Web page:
Audio Hijack: Record and Broadcast Your Shows

Nicecast may be gone, but its creators are making something much better with Audio Hijack!

Laura Shenton
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In the radio community, a lot of us really liked using Nicecast, so when it got discontinued, most people were left wondering what they could use to replace it. Luckily, the same creators of Nicecast, Rogue Amoeba, have released a brand new version of the very popular Audio Hijack.

What is Audio Hijack?

Audio Hijack is actually 16 years old and already used by thousands of broadcasters, the only difference with this new version is it allows you to broadcast your shows online (just like Nicecast).

It's a beautifully simplistic DAW (Digital Audio Workspace) that is designed to make recording podcasts, radio shows, phone calls, and the like extremely easy. After playing around with it for a while, we can definitely say it is very simple to use and yet it still gives you all the features you could want.

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How Does It Work?

Audio Hijack works by using blocks which you can drag and drop from the side. For example, we dragged the Application block into the workspace, then connected it to Google Chrome. Now the block is setup to send everything out from the browser.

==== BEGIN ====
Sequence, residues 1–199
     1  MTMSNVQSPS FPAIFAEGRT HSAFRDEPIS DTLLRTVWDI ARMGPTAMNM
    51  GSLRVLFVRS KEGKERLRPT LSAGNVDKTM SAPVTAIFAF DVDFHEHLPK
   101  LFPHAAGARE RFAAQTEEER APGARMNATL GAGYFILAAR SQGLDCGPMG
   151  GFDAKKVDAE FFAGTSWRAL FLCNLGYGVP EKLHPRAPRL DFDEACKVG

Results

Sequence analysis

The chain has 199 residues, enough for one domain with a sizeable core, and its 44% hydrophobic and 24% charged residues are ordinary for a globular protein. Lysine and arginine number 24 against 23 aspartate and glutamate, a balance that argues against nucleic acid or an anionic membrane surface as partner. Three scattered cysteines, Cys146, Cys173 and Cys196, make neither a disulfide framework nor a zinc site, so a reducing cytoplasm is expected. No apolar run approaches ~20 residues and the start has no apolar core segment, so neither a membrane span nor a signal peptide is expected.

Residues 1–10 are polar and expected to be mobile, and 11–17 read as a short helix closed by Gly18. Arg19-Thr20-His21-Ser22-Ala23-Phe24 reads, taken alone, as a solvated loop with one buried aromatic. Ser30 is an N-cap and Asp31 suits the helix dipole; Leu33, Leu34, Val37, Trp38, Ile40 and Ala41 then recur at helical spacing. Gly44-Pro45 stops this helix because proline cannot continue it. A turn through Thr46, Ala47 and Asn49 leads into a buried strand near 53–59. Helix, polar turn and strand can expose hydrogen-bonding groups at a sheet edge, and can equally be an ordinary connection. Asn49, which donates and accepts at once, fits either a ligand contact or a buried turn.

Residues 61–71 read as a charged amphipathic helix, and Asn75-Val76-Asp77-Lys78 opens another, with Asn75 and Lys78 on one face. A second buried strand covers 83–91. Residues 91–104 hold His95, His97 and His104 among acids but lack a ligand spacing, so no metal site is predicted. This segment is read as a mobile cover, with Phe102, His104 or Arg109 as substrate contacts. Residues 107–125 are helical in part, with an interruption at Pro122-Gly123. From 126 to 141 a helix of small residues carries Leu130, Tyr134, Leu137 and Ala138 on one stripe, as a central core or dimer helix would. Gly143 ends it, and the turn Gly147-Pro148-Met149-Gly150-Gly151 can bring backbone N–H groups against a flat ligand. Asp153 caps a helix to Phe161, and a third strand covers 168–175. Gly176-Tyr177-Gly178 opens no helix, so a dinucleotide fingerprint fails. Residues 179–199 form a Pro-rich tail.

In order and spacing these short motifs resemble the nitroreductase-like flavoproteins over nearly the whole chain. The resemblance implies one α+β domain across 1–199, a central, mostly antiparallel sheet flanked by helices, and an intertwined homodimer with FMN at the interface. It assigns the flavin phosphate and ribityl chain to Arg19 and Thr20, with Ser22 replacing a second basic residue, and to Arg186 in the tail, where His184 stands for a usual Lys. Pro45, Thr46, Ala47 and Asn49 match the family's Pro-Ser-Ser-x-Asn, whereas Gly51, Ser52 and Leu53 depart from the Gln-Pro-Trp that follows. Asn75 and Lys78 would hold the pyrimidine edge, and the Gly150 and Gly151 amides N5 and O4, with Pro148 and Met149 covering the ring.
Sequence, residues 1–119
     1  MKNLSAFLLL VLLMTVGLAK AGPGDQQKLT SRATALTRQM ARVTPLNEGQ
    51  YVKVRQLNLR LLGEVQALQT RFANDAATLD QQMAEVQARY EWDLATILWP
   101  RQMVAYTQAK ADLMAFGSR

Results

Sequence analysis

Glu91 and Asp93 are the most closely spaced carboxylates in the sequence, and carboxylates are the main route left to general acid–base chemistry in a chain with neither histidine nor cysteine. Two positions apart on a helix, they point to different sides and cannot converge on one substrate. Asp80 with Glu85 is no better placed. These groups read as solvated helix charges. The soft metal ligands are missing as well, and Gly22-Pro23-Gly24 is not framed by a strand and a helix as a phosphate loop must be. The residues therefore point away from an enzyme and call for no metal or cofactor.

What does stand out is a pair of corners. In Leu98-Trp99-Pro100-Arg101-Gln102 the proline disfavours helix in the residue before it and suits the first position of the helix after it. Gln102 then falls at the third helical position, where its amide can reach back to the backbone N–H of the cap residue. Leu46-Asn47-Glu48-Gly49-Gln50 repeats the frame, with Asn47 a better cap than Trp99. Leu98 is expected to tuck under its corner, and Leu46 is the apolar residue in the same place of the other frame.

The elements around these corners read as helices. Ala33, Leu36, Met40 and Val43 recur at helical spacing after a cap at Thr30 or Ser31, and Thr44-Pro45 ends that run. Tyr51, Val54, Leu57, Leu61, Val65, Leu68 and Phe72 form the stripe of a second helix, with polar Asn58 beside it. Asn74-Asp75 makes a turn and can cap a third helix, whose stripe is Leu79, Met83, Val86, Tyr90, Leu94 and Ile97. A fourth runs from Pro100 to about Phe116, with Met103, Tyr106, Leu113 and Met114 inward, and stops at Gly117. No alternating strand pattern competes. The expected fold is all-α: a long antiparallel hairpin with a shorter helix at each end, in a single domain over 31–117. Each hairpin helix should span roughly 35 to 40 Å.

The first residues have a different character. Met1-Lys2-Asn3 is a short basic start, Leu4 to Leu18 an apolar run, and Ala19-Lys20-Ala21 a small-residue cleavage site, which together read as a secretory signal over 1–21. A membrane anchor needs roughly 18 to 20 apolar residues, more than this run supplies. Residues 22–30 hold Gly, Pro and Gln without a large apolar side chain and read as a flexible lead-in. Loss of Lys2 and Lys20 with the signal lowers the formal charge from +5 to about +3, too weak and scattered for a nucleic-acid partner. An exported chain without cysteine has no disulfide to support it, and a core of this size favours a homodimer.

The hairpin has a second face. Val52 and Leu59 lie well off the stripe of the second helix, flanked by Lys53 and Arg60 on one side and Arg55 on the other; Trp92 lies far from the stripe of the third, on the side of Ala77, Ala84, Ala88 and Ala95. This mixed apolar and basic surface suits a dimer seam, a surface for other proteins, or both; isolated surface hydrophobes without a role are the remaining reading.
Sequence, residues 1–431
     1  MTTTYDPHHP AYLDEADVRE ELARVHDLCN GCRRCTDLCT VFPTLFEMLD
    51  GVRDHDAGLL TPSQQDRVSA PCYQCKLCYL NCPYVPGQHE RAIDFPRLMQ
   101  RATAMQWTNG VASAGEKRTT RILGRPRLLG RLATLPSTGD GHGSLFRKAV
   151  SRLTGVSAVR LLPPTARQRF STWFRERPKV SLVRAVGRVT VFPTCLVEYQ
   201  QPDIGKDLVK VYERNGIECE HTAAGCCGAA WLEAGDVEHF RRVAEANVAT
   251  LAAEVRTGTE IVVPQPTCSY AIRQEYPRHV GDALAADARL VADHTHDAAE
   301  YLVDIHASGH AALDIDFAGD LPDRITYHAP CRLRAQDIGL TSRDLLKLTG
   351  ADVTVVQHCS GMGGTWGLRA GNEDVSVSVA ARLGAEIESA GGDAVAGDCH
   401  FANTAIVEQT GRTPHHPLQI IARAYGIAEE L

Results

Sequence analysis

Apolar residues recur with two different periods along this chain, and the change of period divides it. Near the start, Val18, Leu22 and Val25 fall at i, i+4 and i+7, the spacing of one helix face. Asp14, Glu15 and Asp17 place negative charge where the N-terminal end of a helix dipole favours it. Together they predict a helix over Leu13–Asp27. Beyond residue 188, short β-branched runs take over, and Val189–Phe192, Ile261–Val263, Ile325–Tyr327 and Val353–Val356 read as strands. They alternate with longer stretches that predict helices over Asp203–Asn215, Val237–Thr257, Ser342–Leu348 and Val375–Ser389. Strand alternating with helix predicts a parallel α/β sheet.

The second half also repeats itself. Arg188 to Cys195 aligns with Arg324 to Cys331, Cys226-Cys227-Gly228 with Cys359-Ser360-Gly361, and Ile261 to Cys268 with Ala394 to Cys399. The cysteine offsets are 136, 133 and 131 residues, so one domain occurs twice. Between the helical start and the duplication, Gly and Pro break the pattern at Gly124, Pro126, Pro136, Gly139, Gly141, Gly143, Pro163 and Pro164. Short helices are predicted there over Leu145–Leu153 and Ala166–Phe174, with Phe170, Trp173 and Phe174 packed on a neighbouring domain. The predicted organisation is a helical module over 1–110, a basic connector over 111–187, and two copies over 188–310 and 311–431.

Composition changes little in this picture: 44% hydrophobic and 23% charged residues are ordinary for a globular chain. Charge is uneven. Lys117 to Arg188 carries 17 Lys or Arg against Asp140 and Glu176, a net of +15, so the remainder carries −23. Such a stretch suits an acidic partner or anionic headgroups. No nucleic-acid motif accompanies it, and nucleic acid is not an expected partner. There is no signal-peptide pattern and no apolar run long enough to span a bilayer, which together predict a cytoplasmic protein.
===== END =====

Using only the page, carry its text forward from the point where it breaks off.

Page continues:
Using blocks, you can send your audio to multiple places. For example, you can broadcast to your radio station, record your show, and listen to through your headphones. There's also built-in effects you can sandwich between these blocks to adjust the EQ, balance, ducking, and much more.

Connecting Audio Hijack to Radio.co

Broadcast to your Radio.co station by setting up Audio Hijack. Firstly, select New Session.

Then choose New Blank Session.

Rename your new session to something meaningful, like your radio station's name.

From the Sources area in the side-panel, drag in Input Device, then select the microphone you want to use.

From the Outputs area, drag in Broadcast.

Select the Broadcast block. Under Setup, enter in your Host Name, Port, and Password. These details can be found under your Live tab in the Radio.co Dashboard.

Broadcast to your radio station by selecting the button in the bottom left corner in Audio Hijack. It can take a couple of seconds for your stream to reach your station, when it does your connection should show that it's on air.

What About Audio Adjustments in the DAW?

For a more advanced setup you could add in EQ, balancers, ducking, panning, and so on. There are a decent amount of different editing options that you can apply to your broadcast within the DAW, giving you the chance to correct any audio as it gets broadcast online.

After your show has finished and you've recorded it, go to Recordings and adjust the metadata before you save it. It's a really quick, simple way of adjusting your audio to reduce post-production time.

What Do You Think of Audio Hijack?

So what do you think of Audio Hijack? Does it look like a piece of software you'd use to broadcast your shows online? Let us know in the comments. If you want to get set up and broadcasting live on your own radio station, then start your 7-day free trial with Radio.co today.

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